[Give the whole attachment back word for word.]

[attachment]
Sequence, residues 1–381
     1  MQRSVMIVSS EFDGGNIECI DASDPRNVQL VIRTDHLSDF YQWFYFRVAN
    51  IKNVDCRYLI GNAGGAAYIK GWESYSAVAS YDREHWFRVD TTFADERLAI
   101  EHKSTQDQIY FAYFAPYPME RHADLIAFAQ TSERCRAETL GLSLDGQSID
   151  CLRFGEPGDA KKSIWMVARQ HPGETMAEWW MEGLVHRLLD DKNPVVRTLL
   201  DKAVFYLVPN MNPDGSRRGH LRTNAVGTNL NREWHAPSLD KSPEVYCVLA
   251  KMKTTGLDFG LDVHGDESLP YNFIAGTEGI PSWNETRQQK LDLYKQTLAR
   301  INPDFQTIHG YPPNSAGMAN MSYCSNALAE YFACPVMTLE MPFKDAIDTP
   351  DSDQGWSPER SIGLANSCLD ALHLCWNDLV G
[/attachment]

Sequence, residues 1–381
     1  MQRSVMIVSS EFDGGNIECI DASDPRNVQL VIRTDHLSDF YQWFYFRVAN
    51  IKNVDCRYLI GNAGGAAYIK GWESYSAVAS YDREHWFRVD TTFADERLAI
   101  EHKSTQDQIY FAYFAPYPME RHADLIAFAQ TSERCRAETL GLSLDGQSID
   151  CLRFGEPGDA KKSIWMVARQ HPGETMAEWW MEGLVHRLLD DKNPVVRTLL
   201  DKAVFYLVPN MNPDGSRRGH LRTNAVGTNL NREWHAPSLD KSPEVYCVLA
   251  KMKTTGLDFG LDVHGDESLP YNFIAGTEGI PSWNETRQQK LDLYKQTLAR
   301  INPDFQTIHG YPPNSAGMAN MSYCSNALAE YFACPVMTLE MPFKDAIDTP
   351  DSDQGWSPER SIGLANSCLD ALHLCWNDLV G